Cadmium & Compounds
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Edouard Bastarache fills us in on the dangers of cadmium in the making of ceramics. The toxicology of ceramic materials is often underestimated and sometimes neglected in our ceramics institutions. Many thanks to Edouard for this contribution to ceramic toxicolgy.


  • cadmium oxide
  • cadmium carbonate
  • cadmium chloride
  • cadmium sulfate
  • cadmium sulfide

The metal is used in electroplating, in solder for aluminium, as a constituent of easily fusible alloys, as a deoxidizer in nickel plating, in process engraving, in cadmium-nickel batteries, and in reactor control rods. Cadmium compounds are employed as TV phosphors, as pigments in glazes and enamels, in dyeing and printing, and in semi-conductors and rectifiers.



  • Cadmium oxide fume is a severe pulmonary irritant; cadmium dust is a less potent irritant than cadmium fume because it has a larger particle size. Chronic exposure is associated with nephrotoxicity. Several inorganic cadmium compounds cause malignant tumors in animals.
  • Inhalation exposure to high levels of cadmium fumes or dust is intensely irritating to respiratory tissue. Particle size appears to be a more important determinant of toxicity than chemical form. However, most acute intoxications have been caused by inhalation of cadmium fume at concentrations that did not provide sufficient warning symtoms of irritation. Concentrations of fume responsible for fatalities have been 40 to 50 mg/m3 for 1 hour or 9 mg/m3 for 5 hours. There has been non-fatal cases at lower concentrations. Pulmonary symptoms and clinical signs reflect lesions ranging from nasopharyngeal and bronchial irritation to pulmonary edema with also possibly headache, chills, muscle aches, nausea, vomiting, and diarrhea. Among survivors, the subsequent course is unpredictable; most cases resolve slowly, but respiratory symptoms may linger for several weeks, and impairment of pulmonary function may persists for months.
  • Long-term inhalation exposure at low levels leads to decreased lung function and emphysema.
  • Chronic exposure to cadmium results in renal damage which may continue to progress even after exposure ceases.
  • Other consequences of cadmium exposure are :
    • anemia
    • yellow discoloration of the teeth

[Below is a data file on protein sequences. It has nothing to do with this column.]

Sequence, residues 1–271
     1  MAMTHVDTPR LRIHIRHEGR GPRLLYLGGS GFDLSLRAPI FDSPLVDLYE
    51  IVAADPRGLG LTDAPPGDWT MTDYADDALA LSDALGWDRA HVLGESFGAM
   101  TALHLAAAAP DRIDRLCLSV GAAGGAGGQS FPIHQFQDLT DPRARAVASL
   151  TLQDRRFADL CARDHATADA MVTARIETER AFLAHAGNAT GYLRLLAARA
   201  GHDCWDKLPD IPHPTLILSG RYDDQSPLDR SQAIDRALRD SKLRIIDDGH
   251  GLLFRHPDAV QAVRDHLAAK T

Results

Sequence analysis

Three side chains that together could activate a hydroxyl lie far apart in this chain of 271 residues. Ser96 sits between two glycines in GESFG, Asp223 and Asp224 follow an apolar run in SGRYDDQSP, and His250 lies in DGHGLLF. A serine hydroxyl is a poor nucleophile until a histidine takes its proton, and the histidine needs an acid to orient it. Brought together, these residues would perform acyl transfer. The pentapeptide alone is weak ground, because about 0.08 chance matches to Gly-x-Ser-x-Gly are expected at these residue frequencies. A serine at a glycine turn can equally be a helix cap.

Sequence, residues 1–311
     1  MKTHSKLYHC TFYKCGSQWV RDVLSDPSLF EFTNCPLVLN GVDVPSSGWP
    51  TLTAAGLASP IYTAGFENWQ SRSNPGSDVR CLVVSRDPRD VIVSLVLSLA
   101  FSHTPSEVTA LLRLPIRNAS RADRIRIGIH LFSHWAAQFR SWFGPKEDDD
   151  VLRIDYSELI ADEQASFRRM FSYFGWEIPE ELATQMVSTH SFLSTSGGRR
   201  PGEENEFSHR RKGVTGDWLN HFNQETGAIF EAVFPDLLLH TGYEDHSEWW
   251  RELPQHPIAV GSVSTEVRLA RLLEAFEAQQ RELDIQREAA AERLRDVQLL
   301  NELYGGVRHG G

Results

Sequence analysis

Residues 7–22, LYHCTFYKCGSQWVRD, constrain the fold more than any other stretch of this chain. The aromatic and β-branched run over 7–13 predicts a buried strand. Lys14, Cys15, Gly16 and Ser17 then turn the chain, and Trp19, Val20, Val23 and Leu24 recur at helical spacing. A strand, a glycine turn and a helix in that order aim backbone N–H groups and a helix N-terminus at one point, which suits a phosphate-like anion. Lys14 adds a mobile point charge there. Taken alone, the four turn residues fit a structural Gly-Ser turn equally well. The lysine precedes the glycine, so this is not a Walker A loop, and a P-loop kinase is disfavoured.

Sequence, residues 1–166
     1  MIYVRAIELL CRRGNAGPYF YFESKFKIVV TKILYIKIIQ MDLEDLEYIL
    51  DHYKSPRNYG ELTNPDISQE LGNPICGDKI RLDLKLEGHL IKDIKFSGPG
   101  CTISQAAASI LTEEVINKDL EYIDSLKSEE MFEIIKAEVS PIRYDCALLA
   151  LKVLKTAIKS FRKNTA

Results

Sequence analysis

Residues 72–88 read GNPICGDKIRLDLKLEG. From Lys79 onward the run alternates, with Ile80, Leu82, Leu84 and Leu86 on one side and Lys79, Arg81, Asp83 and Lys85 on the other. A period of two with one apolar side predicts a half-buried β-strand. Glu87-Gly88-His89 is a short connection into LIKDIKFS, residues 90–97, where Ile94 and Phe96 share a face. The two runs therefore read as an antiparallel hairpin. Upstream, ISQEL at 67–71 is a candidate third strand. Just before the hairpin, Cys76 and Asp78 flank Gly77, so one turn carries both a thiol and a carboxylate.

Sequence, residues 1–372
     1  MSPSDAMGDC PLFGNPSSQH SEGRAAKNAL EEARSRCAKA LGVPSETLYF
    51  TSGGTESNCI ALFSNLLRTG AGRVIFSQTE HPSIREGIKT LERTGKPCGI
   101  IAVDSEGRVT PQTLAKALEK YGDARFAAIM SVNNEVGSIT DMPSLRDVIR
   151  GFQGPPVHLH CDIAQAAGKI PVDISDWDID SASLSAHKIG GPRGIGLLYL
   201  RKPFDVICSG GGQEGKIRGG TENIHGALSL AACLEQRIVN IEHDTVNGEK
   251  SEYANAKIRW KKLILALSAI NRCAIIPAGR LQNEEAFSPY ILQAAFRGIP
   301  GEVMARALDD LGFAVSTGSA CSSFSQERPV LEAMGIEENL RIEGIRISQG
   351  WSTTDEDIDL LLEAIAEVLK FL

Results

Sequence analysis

• rhinitis
    • occasional ulceration of the nasal septum
    • damage to the olfactory nerve
    • anosmia
  • Chronic exposure to high levels of cadmium in food has caused bone disorders, including osteoporosis and osteamalacia. Long term ingestion, by a Japanese population, of water and food contaminated with cadmium, was associated with a crippling condition, "itai-itai" (ouch-ouch) disease. The affliction is characterized by pain in the back and joints, osteomalacia (adult rickets), bone fractures, and occasional renal failure, and most often affects women with multiple risk factors such as multiparity and poor nutrition.
  • Occupational exposure to cadmium has been implicated in a significant increase of lung cancer. The IARC has determined that there is sufficient evidence in humans for the carcinogenicity of cadmium and cadmium compounds. It also appears that cadmium has the capability to alter genetic materials, particularly chromosomes.
  • The 1995 ACGIH threshod limit value-time-weighted average (TLV-TWA) for elemental cadmium and compounds as Cd is 0.01 mg/m3 for total particulate dust (while it is 10mg/m3 for titanium dioxide in Quebec); or 0.002 mg/m3 for the respirable fraction of dust,there is an A 2 suspected human carcinogen designation for both forms.
  • The urinary excretion of cadmium itself bears no known relationship to the severity or duration of exposure and is only the confirmation of absorption.Absorbed cadmium is retained in the body to a large extent, and excretion is very slow.
The important thing is your level of exposure to cadmium, it may vary if you are a pottery factory worker, a teacher, a full-time studio potter or a part-time. It certainly depends also on the amount used over a given period of time. In the wet state, these compounds are certainly much less hazardous than as dust ( route of entry being inhalation). Factories can afford the monitoring of cadmium exposure but it is not the same for artists and craftpersons. So good housekeeping of your studio is important. Avoidance of processes generating unnecessary dust is also important, and the wearing of an approved dust mask when the exposure seems hazardous is mandatory.

Reference :Chemical Hazards of the Workplace, Proctor & Hughes, 4th edition.

Edouard Bastarache M.D. (Occupational & Environmental Medicine)

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